 Dogs – lots of variation

 Cattle – humans have created variation

 Corn

 Wild mustard

o Flowering time shows genetic differences

o Vestigial structures

 Kiwi wing – evolve flightlessness

 Snake – limbs, has genes to grow legs still

 Human pelvis (coccyx) – evidence of tail in ancestors  Goosebumps – remnant of thermoregulatory past when  had more hair

 In genome…

∙ Pseudogenes – genes we have that are inactive but  

active in other species

o Evolution in real time

 Stickleback – freshwater vs marine

∙ Why microevolution matters

o Need policies

o Pests/Invasives – develop resistance

o Conservation – conserving species, need to know about genetics  ∙ Evidence of Speciation

o What is a species?

 Hard to define

o Biological species concept – Ernst Mayr

 Species are populations or groups of populations in which  individuals are interbreeding or have potential to  

interbreed and produce fertile offspring

o Phage 6 – virus that infects pseudomonas bacteria

 Strain that can infect other bacteria

 Two strains no longer exchanging genetic info – two lines  that are considered different species

o Fruit flies

 Lived on different substrates

 When put together, flies tend to breed with those that eat  the same thing as they do

 Producing reproductive isolation

o Stickleback

 Body size differences (genetically based) depending on  location  

 Gill raker sizes depending on what they’re eating

o Ring species

 Spread north = more complex songs

 Meet and cannot interbreed in one part of the ring

∙ Why speciation matters

o Human disease  

o Zoonotics – flu jumps from animals to humans

o Conservation – what different things are

∙ Evidence of Macroevolution

o Fossils exist and most don’t look like things that are alive today o Can predict where in time you should find certain fossils o Things in fossil records resemble things alive today (in same area

things resemble each other and not found in distant places) o Transitional forms

 Blenny – terrestrial fish

∙ Has intermediate forms

∙ Common ancestor

 Dinosaurs and birds

∙ Archaeoptreryx transitional form from dinosaur to  

bird

∙ Link between early dinosaurs and birds and finding  

intermediates

 Turtles

∙ Early stages of life look like evolutionary past

∙ Why macroevolution matters

o Evolutionary medicine – look at past to understand disorders now ∙ Evidence of common ancestry: all life-forms are related o Homology – similarities (despite different functions) between  different species – inherited from common ancestor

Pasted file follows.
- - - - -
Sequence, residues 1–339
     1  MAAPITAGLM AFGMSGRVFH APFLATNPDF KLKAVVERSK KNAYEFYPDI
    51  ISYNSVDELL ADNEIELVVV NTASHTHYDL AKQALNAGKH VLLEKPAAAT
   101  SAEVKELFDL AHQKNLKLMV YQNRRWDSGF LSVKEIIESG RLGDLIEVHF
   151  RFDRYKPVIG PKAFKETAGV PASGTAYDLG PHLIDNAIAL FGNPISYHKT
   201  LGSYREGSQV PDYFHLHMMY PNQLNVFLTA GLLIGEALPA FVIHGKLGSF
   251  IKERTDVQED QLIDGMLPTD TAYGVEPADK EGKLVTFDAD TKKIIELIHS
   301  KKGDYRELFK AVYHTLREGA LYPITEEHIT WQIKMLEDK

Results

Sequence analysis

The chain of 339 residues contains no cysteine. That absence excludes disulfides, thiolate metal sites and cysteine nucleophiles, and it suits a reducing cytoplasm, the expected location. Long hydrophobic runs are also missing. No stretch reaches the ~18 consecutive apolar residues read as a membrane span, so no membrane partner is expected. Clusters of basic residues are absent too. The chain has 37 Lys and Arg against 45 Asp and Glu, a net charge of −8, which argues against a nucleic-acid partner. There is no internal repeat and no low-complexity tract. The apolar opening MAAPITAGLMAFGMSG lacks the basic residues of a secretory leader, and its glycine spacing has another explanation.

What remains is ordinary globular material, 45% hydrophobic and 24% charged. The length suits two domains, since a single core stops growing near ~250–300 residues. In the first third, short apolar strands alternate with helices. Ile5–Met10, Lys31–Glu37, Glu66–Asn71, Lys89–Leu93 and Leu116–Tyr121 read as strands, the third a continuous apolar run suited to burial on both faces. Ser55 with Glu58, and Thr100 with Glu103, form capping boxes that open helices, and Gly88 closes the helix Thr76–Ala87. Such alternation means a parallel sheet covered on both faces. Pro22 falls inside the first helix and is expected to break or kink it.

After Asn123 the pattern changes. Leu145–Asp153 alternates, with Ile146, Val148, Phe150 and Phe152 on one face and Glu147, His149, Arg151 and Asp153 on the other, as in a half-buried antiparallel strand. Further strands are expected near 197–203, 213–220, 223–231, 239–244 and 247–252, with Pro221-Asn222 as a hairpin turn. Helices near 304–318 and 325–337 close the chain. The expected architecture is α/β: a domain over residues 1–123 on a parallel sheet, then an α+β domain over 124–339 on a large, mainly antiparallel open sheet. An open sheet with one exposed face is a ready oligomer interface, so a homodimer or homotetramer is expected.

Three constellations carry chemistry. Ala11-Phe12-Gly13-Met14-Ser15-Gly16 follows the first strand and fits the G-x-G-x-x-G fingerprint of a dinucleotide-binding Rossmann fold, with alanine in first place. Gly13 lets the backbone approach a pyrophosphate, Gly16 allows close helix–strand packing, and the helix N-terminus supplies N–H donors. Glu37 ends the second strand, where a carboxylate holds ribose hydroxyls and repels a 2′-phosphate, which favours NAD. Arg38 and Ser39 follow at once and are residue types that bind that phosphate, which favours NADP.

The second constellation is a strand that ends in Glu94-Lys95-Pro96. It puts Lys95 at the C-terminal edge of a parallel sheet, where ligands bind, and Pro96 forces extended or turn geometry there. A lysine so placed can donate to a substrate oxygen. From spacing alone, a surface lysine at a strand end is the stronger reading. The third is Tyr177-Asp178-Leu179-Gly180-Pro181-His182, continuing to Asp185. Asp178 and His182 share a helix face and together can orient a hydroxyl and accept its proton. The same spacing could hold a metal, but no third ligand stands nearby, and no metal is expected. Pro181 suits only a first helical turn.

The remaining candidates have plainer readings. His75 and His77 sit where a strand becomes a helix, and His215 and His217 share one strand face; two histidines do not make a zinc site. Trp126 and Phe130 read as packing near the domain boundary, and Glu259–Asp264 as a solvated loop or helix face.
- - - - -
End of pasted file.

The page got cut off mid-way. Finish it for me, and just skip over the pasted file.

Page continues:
o Homoplasy – due to convergent evolution but NOT common  ancestry

o Structural homology

 Bones

 Orchids

∙ Why is homology important?

o Helps construct evolutionary tree (phylogeny)

 Use parsimony

 Represents descent with modification

o Helps to make predictions in evolutionary systems

 Longer the line = older lineage/older trait

 Norrell and Novacek

∙ 18/19 cases highly correlated

∙ Molecular homologies

o Repeats lead to misalignment in crossing over  

o Can end up with diseased genotypes

o Nearest ancestors have same mutations and same problems but  go further back and ancestors don’t share same defects o Processed pseudogenes – nonfunctional in DNA

 Cuts out intron and inserted at another locus after reverse  transcription

 Accumulate mutations

 Older = further back in lineage

 More recent = found in less species

o Genetic code itself is a universal molecular homology

 Works the same across almost all organisms

 Suggests common origin

∙ Why common ancestry matters

o Kriston McGary

 Mutations lead to some phenotype

∙ The age of the earth

o Geological time scale

o Uniformitarianism – idea that processes we observed now  occurred at same rate in past as they do now

 Earth must be really old

o Use radiometric dating to date age of earth

 Radioactive isotopes break down at certain rate

 Use rate to age things

 Decomposition rates aren’t sensitive to climate, temp.

∙ Why does age of earth matter?

o Earth has to be as old/older than oldest forms of life known ∙ KNOW

o 5 characteristics that distinguish evolution from special creation

Chp. 3 

∙ Evolution by natural selection

o Mice on beaches  

 Mismatch background then attacked more by predators  Could lead to evolution by shift in allelic frequencies

∙ Artificial Selection: Domestic Animals and Plants

o We are giving plant/animal high reproductive fitness

o Tomatoes

 Wild tomato has genes that limit its growth (fw2.2)

o In nature, could be selecting against variants

∙ Evolution by natural selection

o KNOW 4 postulates

 Necessary for evolution to occur by natural selection

o 1. Individuals in a population differ from one another

o 2. The differences are heritable